CONJUNCTIVITIS

Conjunctivitis, commonly referred to as "pinkeye", simply means inflammation of the conjunctiva. which  is the clear membrane that lines the inside of the eyelids and the white part of the eyeball.

Conjunctivitis can be broken down into the categories of:
  • Infectious - either bacterial or viral - Very contagious! 
  • Noninfectious - allergic, chemical, trauma-related, foreign body-related.
What are the symptoms of conjunctivitis?
  • In viral conjunctivitis, there is generally a gritty or burning feeling in the eye or eyes. The eye may be red. One or both eyes can be affected. Viral conjunctivitis can occur in association with, or following a cold. There is usually early morning crusting, then watery drainage during the day. The worst symptoms are in the first 3-5 days, followed by gradual improvement.
  • With bacterial conjunctivitis, early morning crusting may occur, but there will be continuous thick discharge throughout the day. The drainage can be white, green, or yellow. The affected eye will be red.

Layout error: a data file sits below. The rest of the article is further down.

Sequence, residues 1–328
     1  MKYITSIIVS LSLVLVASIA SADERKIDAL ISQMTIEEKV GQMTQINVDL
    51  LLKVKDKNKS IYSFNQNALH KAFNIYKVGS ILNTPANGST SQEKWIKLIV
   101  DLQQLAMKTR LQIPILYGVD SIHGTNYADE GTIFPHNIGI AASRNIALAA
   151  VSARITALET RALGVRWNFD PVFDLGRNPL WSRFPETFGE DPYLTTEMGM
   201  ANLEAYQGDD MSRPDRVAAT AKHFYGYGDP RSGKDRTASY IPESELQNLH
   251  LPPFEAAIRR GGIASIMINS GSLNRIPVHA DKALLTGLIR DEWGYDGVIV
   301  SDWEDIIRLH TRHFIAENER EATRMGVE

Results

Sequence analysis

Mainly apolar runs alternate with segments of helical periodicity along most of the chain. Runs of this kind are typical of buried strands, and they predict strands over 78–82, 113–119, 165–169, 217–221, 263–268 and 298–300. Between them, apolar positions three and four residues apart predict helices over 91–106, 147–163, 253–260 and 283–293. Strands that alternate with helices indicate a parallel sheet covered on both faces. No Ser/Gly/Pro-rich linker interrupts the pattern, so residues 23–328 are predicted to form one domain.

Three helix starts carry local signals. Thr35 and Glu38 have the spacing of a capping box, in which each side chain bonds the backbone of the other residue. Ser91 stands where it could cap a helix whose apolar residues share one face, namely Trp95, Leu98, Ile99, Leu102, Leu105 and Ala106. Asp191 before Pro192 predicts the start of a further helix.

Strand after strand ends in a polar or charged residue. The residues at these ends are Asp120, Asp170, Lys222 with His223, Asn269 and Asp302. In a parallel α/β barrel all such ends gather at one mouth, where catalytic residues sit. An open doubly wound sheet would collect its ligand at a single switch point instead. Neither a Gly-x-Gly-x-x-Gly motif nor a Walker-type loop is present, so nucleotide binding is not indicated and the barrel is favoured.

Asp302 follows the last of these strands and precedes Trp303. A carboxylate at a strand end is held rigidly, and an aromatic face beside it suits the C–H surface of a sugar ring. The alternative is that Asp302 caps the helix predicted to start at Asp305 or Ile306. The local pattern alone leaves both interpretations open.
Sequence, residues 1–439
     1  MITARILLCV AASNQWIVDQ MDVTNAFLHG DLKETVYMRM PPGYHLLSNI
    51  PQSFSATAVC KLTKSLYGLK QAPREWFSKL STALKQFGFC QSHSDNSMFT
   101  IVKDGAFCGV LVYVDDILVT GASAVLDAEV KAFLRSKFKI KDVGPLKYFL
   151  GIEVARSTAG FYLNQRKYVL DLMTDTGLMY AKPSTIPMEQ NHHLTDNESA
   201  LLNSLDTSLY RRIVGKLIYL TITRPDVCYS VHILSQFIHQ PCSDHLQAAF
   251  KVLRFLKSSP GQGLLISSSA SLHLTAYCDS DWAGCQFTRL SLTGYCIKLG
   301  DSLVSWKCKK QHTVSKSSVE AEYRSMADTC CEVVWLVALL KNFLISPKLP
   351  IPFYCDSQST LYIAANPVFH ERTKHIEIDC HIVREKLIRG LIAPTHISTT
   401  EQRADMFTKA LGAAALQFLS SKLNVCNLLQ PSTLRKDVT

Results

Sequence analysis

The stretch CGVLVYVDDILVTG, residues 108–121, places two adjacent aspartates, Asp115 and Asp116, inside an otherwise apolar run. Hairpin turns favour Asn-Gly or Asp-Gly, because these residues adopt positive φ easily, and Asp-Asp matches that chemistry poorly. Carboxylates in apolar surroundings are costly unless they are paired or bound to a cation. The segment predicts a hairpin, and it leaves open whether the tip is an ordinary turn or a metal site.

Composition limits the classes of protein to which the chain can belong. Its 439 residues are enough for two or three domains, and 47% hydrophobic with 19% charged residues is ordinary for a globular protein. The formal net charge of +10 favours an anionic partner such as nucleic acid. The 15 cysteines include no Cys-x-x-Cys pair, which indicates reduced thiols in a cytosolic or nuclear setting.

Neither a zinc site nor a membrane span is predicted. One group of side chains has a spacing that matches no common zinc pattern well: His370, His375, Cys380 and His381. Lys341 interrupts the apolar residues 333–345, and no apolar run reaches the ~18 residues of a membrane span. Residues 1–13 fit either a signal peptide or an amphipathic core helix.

• Allergic conjunctivitis is characterized by both eyes being involved initially, in most cases. The eyes can feel itchy and watery. The drainage is either watery, or can be white and stringy.

How is conjunctivitis treated?

The treatment of conjunctivitis will depend on the cause:

  • Viral conjunctivitis - will get better over time, the same way a cold will. Warm or cool compresses may help. Over the counter Visine or similar eye drops may help decrease redness.
  • Bacterial conjunctivitis - is treated with antibiotic ointment or drops. Excellent handwashing will prevent the spread of the infection to others.
  • Allergic conjunctivitis - is treated with over-the-counter antihistamine eye drops, such as Naphcon A or Vasocon A, or by prescription antihistamine/mast cell stabilizer eye drops.
  • Chemical and foreign body-related conjunctivitis - are treated with eyewash initially. Evaluation by an ophthalmologist is arranged as necessary.

Special circumstances:
  • Contact lens wearers - stay out of contact lenses until the eye is without redness for 24 hours for infectious conjunctivitis. In general, start with a new pair of contact lenses for disposable types of lenses.
  • Eye pain - if eye pain, sensitivity to light, change in vision, or particular patterns of redness are present, the patient will be referred to an ophthalmologist.